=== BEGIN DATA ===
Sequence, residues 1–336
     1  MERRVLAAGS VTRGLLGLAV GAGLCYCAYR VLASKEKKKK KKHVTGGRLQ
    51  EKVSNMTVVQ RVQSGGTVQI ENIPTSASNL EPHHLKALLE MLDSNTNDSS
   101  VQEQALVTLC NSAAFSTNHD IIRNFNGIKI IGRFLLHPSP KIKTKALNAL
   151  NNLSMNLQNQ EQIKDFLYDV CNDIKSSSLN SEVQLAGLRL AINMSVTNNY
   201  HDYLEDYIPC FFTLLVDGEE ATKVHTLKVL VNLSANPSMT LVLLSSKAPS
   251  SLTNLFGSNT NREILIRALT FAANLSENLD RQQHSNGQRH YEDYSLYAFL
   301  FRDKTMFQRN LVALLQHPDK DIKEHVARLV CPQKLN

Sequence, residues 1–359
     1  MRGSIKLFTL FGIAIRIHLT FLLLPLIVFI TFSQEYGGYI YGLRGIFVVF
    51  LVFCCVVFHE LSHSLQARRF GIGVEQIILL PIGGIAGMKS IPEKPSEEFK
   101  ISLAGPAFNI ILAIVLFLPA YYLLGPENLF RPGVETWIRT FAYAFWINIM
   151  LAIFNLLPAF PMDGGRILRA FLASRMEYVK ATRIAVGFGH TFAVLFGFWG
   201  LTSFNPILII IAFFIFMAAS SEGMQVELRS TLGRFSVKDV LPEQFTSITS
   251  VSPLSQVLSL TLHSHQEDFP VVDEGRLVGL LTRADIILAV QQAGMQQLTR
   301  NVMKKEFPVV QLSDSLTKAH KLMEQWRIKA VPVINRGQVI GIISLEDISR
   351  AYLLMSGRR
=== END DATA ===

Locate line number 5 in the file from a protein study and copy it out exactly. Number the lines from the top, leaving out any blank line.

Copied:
   151  NNLSMNLQNQ EQIKDFLYDV CNDIKSSSLN SEVQLAGLRL AINMSVTNNY